Ask any woman what they want in a guy, and they’ll always say confidence and a sense of humor. I'm not saying women aren't superficial. But they're way more forgiving of men's looks than men are of theirs. Take my word for it. I've benefitted from that fact.

image.gif

I had told my dear friend to work on being honest with himself. Know thyself, the good and the bad. Say what he wants, feels. Don't take thyself so seriously. Have fun. Joke around.

I don't think he heeded my advice, since, from his perspective, he hasn't reached his ideal weight. And I totally get that. I still fall for that trap. When I see a woman checking me out at the gym, my mind immediately surmises that I'm getting more cut, defined. The truth is, she could be looking at me and thinking to herself, "Yeesh. Yuck," or "Did I turn off my curling iron?" or "Ugh. I can feel Aunt Flo coming." All of those thoughts are made up because I have no real proof what she's really thinking. And knowing this allows me to pay little to no attention to those made up thoughts. I don't want to be pulled into my own black hole.

If my friend does reach his ideal weight and finds that women are still not attracted to him, then he'll blame it on the one thing he thinks he has some control over. His situation. He'll think his body isn't good enough, so he'll workout harder. Or he'll find a way to earn more money, buy a flashier car, dress snappier, all in the pursuit of impressing women. Again, he'll continue to fail because good women want a confident man. And a man isn’t confident if he has to rely on superficial things to attract women.

That’s why my main pieces of clothing are t-shirt and jeans. Or maybe I'm just lazy.

image.jpeg

Then how should my friend approach weight loss? Or how should anyone for that matter?

I remember as a kid when I had to do my homework that time seemed to know. So it decided to slow the clock, where each tick felt like a lifetime. Then when I went outside to play with my friends, the day melted away like an ice cube sitting in the scorching hot desert. Time flies when you're having fun. That's the key. Fun.

There are two basic components to changing your body composition, which is way different than losing weight. Diet: the number of calories we take in. Calorie expenditure: what we do to use those calories. I want to focus on the expenditure portion.

A lot of people go to the gym. But that isn't necessarily fun or the best way to burn calories. I love hikes, especially urban hikes. I trek though San Francisco a lot. All over. Other people love dancing. Recreational sports such as basketball can be great fun with friends.

image.gif

Fun is an essential ingredient to becoming healthier because it'll make it easier for you to make the activity a habit. And time does fly, though I wouldn't put a schedule on changing your body composition. That'll often lead to failed expectations.

And changing our focus from weight loss to body composition is important. Body composition is the mix of fat, bone, muscle, and water in regards to physical fitness. People generally want less fat and more muscle. However, muscle weighs more than fat. So someone could weigh more by gaining muscle and losing the same amount of mass of fat, making the scale the worst measure of health.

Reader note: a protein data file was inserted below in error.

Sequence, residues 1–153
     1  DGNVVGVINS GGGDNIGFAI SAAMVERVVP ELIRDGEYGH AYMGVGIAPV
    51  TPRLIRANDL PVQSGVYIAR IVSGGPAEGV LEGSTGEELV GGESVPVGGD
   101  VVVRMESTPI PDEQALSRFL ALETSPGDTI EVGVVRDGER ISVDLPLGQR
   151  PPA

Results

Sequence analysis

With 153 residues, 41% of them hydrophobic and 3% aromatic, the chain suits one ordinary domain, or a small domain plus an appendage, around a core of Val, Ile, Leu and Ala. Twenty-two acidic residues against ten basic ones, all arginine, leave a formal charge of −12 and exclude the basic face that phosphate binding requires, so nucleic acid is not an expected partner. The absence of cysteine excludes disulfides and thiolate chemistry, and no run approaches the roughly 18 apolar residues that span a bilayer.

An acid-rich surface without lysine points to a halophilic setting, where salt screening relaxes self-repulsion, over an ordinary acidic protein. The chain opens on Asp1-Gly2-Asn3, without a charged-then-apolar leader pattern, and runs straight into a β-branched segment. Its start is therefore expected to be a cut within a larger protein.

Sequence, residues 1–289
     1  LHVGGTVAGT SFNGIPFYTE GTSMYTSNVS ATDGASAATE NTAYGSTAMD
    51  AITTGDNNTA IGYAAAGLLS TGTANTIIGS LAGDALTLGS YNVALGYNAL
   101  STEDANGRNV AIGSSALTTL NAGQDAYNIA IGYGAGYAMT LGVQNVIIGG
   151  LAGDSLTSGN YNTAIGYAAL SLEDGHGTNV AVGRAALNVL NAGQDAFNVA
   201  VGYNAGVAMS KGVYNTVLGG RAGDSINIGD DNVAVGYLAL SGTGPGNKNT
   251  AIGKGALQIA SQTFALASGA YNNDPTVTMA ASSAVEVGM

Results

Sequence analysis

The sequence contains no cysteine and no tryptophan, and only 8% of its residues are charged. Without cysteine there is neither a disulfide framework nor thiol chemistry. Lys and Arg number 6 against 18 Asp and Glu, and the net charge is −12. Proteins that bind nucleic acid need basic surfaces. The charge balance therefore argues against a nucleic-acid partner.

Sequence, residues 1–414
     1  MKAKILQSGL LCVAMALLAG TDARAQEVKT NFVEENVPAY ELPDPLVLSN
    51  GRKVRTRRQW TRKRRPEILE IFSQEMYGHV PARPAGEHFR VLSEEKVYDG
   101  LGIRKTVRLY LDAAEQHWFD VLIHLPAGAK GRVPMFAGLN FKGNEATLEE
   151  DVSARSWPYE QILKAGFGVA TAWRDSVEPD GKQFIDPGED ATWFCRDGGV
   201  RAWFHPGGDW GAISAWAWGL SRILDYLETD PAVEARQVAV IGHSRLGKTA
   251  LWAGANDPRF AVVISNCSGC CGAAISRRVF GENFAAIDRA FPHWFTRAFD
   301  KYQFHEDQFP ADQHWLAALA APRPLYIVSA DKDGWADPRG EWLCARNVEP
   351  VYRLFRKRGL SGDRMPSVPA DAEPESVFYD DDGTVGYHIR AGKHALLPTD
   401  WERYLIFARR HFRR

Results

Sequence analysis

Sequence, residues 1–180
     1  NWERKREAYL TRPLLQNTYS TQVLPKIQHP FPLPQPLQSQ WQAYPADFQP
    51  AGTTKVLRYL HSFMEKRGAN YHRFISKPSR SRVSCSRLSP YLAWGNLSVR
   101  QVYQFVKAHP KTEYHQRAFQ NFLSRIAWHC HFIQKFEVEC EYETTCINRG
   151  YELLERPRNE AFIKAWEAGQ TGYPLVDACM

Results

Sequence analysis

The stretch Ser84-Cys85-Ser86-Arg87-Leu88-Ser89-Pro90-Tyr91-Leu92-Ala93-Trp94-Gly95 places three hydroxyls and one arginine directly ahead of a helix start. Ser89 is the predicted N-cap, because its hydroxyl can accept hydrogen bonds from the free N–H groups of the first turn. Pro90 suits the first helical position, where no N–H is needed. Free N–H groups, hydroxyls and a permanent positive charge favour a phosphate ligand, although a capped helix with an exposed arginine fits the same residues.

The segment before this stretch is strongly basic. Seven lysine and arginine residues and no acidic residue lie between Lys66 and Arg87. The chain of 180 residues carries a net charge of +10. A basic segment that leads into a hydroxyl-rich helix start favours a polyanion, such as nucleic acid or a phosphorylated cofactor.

Coming back to my friend...if he wants to date more, then his pure focus on looks is wrong. Take showers. Stinking like you haven't been is a huge turn off. He should wear clothes that fit him. Definitely have clean shoes. Now, he won't win any best in show contests. Neither would I. So he should be his real self. This is where he's lacking. When he talks to a woman he's attracted to, he's not himself. He needs to trust that being real is what confidence truly is. Unlike photography, filters like the Nice Guy, the Bad Boy, the Rico Suave, the Hipster Who's Too Cool to Care will hide who he is as a person, making him look fake. And if people are repelled that he has no filter, some will be, then they won't include him in their circle of trust. My response to that is simple: Real friends are rare.

The Death of a Butterfly

I like to ask uncomfortable questions. Especially when people are in relationships. You can tell a lot about a person by how they date. Just like you can tell how a person will treat you by how they treat the waitstaff. But if your lovers tip you after having sex, then that might be kinda awkward.

When I meet people, I naturally start thinking about what character traits they may have if they were to be written in a story. Character traits shape how they see the world. So if someone is insecure, then they'll value themselves below everyone else, for example.

A friend of mine is seeing someone that lives out of state. I think her character traits look like this:

She works with kids, loves them. She's insecure, and I'd imagine because she doesn't know herself well. She has lived a sheltered life, but is trying to stretch her wings and explore the world and, as a result, herself.

Now I've met her man once at a get together at a bar. But we didn't have deep conversations because he was withdrawn, uninterested. However, from what little I've gathered, this is his character chart:

From a writing standpoint, this triangle would collapse on itself, making this person seem very one dimensional. Someone who is autistic might not like being around people he doesn't know.

So how does a writer separate this autistic trait from shyness? They tend to look the same, making it hard for the writer and reader to separate the two.

The better question is how would I make this character more interesting? I could make the third character trait be charming. That's the last thing people would think an autistic person would have, so the distance between charm and autism feels huge.

image.png